Look inside this book
    Click on the following links to read pages from Collected Hong Kong Stories. You will need a pdf reader to view these excerpts.  One  Two

  • Diamond Hill: Memories of growing up in a Hong Kong squatter village

    HK$118.00
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    "Diamond Hill was one of the poorest and most backward of villages in Hong Kong at a time when Hong Kong itself was poor and backward. We moved there in 1956 when I was almost 10. I left when I was 19. Those were the formative years of my life. It’s a time that I remember well and cherish.

    This memoir of a native son of a Kowloon-side squatter village – the first book ever on Diamond Hill, in either Chinese or English – presents the early days of a life shaped by a now-extinct community. Penned by a high-achieving Hong Kong professional, Feng Chi-shun’s sharp recollections of his humble upbringing contain warmth, humour, and an abundance of insights into a low-income Hong Kong neighbourhood that no longer exists – but remains close to the hearts of many who lived there.

    Diamond Hill will invite comparisons with Martin Booth's Gweilo. If you enjoyed the latter, you will likely find the former similarly absorbing, because the young Feng was, for many a “gweilo”, the inaccessible yet intriguing face of an altogether edgier Hong Kong.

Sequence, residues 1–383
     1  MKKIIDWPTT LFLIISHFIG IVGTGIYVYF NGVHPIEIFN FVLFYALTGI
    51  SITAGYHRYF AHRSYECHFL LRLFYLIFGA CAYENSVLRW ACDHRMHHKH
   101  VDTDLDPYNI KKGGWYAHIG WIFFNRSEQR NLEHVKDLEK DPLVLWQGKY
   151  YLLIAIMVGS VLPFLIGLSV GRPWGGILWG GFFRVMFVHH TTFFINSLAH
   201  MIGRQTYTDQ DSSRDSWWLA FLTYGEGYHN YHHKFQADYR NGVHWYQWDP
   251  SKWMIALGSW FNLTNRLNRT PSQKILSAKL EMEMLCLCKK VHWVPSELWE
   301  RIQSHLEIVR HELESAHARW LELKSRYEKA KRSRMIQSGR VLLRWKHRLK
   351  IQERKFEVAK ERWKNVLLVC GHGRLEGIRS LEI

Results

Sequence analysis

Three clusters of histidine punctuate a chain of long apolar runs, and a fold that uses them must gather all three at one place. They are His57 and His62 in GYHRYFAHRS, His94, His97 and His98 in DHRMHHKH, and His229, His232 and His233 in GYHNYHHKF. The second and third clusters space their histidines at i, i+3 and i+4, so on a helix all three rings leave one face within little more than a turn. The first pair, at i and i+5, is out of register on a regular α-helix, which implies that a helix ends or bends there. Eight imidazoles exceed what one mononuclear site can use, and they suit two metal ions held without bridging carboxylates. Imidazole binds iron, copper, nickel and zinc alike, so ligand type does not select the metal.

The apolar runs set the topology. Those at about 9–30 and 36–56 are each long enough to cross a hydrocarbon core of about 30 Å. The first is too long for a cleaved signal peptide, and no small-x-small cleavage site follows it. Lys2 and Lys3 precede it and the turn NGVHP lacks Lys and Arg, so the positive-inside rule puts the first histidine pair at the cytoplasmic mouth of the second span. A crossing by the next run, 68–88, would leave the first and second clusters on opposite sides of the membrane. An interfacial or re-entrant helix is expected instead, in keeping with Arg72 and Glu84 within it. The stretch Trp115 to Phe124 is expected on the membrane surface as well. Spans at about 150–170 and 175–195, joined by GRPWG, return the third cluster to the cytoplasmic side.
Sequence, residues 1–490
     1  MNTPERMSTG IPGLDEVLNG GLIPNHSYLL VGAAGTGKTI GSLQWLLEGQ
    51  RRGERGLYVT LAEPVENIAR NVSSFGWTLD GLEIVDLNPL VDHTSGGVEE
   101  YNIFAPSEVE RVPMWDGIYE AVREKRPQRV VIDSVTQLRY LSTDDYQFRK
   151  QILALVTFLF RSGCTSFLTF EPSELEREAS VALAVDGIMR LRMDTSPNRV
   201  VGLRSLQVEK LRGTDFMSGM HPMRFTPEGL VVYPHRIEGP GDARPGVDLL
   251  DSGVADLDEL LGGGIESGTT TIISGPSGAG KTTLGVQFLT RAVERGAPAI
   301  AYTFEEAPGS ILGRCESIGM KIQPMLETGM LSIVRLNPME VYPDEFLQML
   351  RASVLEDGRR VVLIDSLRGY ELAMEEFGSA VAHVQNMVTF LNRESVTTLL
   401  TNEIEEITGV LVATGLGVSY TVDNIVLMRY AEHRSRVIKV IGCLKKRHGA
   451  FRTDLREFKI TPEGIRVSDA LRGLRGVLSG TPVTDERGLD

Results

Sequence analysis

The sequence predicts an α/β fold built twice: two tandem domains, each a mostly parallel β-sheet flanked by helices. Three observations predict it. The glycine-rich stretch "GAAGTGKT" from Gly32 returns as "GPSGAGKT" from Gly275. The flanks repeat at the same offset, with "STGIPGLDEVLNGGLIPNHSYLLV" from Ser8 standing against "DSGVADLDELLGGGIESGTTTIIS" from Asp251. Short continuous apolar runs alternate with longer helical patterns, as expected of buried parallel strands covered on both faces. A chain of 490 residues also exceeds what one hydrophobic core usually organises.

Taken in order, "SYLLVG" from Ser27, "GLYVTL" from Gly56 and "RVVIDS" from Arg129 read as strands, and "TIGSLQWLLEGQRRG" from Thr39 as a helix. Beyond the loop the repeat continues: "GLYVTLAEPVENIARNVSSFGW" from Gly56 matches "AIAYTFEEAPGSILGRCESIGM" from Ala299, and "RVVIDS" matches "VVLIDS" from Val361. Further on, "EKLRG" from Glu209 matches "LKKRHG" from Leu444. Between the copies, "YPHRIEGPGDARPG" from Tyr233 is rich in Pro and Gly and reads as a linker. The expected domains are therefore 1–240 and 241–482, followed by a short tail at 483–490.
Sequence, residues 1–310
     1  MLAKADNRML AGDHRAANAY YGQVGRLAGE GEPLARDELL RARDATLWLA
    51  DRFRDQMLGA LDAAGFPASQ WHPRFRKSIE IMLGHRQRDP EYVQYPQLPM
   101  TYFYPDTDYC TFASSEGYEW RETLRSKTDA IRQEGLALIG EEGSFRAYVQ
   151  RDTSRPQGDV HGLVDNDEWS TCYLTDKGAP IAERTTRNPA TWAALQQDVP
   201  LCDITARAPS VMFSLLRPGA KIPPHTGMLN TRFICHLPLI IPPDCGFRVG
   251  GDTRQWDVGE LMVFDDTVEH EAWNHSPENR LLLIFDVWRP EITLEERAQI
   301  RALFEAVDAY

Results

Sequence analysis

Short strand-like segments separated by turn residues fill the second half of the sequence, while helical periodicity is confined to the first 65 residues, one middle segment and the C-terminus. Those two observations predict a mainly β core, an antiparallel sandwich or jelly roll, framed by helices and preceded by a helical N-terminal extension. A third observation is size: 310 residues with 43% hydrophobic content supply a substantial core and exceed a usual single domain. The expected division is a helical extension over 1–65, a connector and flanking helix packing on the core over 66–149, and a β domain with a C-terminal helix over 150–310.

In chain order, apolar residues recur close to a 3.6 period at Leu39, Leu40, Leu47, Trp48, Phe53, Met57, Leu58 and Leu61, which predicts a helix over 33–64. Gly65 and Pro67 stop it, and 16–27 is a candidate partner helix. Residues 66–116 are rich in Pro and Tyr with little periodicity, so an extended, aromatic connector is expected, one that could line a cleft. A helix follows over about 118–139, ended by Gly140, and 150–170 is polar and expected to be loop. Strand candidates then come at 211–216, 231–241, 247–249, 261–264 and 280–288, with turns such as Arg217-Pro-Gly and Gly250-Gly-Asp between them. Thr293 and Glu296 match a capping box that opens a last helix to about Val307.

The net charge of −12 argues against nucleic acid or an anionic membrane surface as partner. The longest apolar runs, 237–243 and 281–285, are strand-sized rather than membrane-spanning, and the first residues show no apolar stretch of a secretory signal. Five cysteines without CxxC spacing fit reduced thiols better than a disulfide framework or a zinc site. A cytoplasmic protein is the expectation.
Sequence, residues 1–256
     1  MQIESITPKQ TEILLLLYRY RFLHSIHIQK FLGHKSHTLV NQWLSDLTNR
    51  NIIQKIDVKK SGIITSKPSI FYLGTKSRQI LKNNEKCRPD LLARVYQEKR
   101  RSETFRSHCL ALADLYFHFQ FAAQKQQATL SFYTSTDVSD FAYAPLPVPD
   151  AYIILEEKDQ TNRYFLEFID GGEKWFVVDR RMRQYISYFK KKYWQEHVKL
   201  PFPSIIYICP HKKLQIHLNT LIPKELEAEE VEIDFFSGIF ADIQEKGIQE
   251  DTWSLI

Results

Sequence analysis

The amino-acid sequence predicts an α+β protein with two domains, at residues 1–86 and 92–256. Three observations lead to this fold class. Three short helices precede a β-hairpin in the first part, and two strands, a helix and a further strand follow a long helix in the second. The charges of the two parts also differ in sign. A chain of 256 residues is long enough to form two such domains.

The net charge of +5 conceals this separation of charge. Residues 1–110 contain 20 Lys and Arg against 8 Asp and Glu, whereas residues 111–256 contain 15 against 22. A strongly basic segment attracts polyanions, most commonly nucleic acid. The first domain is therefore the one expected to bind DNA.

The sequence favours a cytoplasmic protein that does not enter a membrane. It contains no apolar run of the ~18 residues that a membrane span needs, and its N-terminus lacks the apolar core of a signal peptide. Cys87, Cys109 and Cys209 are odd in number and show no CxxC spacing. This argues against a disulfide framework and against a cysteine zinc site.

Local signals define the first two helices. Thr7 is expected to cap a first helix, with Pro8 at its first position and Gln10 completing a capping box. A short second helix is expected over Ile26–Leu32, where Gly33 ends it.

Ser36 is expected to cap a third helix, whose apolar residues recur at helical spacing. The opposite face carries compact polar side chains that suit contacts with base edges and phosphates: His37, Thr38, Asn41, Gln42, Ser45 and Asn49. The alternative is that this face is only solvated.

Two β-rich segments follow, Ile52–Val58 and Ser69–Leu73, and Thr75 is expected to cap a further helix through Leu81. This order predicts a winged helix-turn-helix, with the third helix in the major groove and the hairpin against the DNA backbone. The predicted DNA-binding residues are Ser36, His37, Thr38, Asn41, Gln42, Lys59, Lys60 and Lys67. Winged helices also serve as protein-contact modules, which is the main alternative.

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    Thugs and gangsters

  • Hong Kong Beat: True Stories From One of the Last British Police Officers in Colonial Hong Kong

    HK$138.00
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    Sex, drugs, gambling, ghosts, drinking, rugby, overseas adventures – and even some police work.

    Hong Kong on the edge of empire was a place teeming with triads, smugglers, Chinese immigrants and Vietnamese refugees. Simon’s memoir of his time in the Hong Kong police force – from the 1970s until after the 1997 handover – is a fast-paced tale of his exploits. From the murky back streets of Kowloon to the open seas in the Marine division, his shocking and hilarious tales offer an alternative look back at what life was really like on the Hong Kong beat.

    LOOK INSIDE THIS BOOK
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    Chapters 1, 2 and 3

  • The Peak: An Illustrated History of Hong Kong’s Top District

    HK$228.00
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    Part of the Royal Asiatic Society Hong Kong Studies Series

    The Peak is Hong Kong’s top residential district, where property prices are as high as the altitude. How did it become an exclusive enclave in the bustling business centre of 19th-century Asia?

    The British wanted relief from summer heat and the Peak was the obvious place to escape it. When the Governor adopted Mountain Lodge as a summer getaway, development accelerated and the opening of the Peak Tram in 1888 made access easier. Gradually a community developed and a church, a club and a school were established.

    This fully illustrated book describes how the now-popular tourist area developed over time and adapted as needs changed.

  • The Marvellous Adventures of Maggie and Methuselah: A Mystery in Hong Kong